The Ruth Dredger was a unique trench-digging machine that served a niche market for many decades. It was invented in 1906 by Charles H. Ruth, a blacksmith in the Imperial Valley of California. At that time, huge amounts of silt brought down by the Colorado River were being deposited in the Valley and repeatedly clogging the many irrigation ditches fed by the river. After experimenting with several types of primitive machines, irrigation companies declared the Ruth Dredger the most economic of all because of its continuous action and high-volume capability. Following its success in California, the Ruth Dredger Manufacturing Corp. was established in Los Angeles, and it wasn't long before Ruth Dredgers were at work in many states constructing and cleaning irrigation ditches, cleaning canal banks, and building berms and levees to control flooding.
The extraordinary flexibility of the Ruth ditching machine was due to its swinging boom that carried the digging buckets. The boom could swing 90 degrees, left or right, positioning the buckets to trim ditches or canal banks on either side of the machine as it moved ahead. The upper picture shows the machine in travel position with buckets raised above ground and pointing to the rear. The main machine was supported on a single crawler track while a second stabilizing track, not visible in the picture, could be positioned at the far side of the ditch. This remote stabilizing crawler was connected to the main machine by a telescoping frame, adjustable to 25 feet in length, and powered through a telescoping drive shaft connected to the main machinery. This enabled a ditch to be cleaned as the machine straddled it with the buckets positioned between the two tracks.
The lower picture shows the outer end of the telescoping frame in the retracted position and an operator adjusting the steering angle of the crawler assembly with a hand crank arrangement operated through a worm drive.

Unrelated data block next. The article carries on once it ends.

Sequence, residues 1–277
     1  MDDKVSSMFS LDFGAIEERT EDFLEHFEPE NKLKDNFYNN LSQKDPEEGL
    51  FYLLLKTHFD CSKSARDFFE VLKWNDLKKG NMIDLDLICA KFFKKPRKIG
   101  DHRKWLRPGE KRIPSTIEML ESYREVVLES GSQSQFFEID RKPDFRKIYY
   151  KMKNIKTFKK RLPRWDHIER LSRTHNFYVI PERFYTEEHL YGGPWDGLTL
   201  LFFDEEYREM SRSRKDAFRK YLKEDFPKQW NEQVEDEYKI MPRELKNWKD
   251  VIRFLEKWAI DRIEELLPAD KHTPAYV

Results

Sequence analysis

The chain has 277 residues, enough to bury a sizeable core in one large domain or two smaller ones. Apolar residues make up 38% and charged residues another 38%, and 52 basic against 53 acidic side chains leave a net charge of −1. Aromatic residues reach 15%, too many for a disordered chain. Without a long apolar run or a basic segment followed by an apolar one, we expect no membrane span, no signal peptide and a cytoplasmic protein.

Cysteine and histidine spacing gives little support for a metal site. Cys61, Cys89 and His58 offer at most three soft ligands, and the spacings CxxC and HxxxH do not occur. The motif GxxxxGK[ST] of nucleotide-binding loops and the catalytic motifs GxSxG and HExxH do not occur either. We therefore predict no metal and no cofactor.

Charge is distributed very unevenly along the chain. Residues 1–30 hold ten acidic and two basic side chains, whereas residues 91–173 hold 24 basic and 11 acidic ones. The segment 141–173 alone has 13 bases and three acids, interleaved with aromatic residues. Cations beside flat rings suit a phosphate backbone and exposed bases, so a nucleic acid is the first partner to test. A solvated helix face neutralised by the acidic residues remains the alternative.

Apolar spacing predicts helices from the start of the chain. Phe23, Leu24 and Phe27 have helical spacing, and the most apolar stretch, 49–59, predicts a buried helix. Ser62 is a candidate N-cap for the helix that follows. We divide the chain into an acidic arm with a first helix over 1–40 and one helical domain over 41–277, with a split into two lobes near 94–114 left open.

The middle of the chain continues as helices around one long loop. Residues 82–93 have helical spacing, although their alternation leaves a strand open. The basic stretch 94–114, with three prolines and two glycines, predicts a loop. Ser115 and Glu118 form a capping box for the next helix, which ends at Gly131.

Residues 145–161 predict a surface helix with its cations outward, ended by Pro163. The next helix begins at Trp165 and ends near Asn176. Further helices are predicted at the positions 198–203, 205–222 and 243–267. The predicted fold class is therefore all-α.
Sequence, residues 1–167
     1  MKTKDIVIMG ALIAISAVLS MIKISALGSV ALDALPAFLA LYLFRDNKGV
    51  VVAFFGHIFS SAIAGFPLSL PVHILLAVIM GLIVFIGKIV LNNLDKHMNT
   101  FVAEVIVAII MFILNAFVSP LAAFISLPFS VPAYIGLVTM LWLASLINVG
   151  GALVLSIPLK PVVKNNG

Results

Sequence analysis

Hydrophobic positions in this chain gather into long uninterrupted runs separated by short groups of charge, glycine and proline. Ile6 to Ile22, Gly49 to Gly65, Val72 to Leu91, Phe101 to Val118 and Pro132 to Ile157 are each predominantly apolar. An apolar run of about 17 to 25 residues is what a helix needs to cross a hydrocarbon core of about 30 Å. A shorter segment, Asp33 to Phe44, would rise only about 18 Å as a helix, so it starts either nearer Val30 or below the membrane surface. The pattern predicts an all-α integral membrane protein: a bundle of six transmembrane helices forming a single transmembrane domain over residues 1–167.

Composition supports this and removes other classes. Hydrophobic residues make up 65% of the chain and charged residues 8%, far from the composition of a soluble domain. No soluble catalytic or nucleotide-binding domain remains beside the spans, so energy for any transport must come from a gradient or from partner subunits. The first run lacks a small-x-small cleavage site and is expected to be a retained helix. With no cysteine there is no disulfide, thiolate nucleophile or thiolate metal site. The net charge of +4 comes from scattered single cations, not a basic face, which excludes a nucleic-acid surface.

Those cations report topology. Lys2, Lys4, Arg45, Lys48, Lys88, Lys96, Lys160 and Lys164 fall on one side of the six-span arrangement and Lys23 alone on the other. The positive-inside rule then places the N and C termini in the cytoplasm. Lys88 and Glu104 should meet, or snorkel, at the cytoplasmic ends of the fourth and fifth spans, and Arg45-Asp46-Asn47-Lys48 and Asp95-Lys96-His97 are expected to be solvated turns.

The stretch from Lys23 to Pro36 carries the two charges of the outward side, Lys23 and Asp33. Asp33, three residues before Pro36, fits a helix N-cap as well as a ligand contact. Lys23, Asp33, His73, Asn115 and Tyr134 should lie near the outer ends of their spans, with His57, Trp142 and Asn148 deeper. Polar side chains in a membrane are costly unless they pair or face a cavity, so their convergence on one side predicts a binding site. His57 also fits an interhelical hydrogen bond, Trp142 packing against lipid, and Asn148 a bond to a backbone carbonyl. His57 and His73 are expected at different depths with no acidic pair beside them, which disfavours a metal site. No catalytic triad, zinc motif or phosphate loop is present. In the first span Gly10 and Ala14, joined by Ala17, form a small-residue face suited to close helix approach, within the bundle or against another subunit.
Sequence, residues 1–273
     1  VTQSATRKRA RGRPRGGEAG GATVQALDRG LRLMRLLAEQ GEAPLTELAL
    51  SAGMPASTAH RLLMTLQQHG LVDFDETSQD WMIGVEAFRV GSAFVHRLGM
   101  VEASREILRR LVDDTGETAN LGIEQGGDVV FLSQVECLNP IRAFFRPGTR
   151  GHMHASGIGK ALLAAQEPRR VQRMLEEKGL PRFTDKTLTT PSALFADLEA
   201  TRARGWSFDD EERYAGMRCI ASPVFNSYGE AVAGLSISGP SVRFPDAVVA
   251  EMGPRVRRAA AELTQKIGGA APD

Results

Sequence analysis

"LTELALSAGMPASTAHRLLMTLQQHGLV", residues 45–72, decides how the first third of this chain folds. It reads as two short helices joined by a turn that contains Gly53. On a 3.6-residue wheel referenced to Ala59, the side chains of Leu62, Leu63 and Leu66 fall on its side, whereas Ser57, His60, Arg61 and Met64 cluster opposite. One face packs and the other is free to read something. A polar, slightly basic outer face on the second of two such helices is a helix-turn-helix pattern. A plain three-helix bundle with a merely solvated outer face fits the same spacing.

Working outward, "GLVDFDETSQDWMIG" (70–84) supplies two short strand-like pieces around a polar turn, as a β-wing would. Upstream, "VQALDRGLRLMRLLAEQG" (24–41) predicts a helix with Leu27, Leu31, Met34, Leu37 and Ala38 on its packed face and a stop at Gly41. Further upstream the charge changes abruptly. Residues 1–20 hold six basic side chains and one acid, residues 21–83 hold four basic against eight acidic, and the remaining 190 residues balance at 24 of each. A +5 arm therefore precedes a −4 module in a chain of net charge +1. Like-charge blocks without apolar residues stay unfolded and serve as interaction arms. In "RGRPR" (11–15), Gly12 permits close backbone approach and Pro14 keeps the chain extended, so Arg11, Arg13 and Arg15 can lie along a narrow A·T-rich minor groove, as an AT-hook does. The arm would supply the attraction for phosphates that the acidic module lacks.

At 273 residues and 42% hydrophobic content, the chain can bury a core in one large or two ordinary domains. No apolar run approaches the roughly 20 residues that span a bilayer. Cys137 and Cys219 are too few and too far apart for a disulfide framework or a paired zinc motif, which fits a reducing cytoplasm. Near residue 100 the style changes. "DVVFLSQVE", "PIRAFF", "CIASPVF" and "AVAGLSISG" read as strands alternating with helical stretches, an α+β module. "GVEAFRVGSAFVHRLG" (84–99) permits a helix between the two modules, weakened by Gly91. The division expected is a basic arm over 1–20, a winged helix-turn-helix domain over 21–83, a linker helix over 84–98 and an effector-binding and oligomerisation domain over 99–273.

The early Ruth Dredgers were mounted on three wheels, two under the main machine while the third supported the remote propelling assembly on the far side of the ditch. In the early 1920s, the wheels were changed to a crawler track under the main machine but a wheel was still utilized for the remote position. A few years later, the wheel was abandoned altogether and a two-track configuration was adopted.
In 1939, Bucyrus-Erie acquired the rights to its manufacture and commenced building the machines under the Bucyrus-Ruth trade name. Model HU was powered by a 32-flywheel-hp Cat D4400. Variable digging speeds were available from about 3 to 80 fpm, and the entire machine tipped the scales at 18 tons. Very few of the Bucyrus-Ruth machines were sold so, with the onset of World War II, the company officially discontinued the product at the end of 1942.
You can read more about the evolution of construction equipment in Keith Haddock's book "Giant Earthmovers an Illustrated History" available in most bookstores. Also, consider a membership in the Historical Construction Equipment Association, www.hcea.net .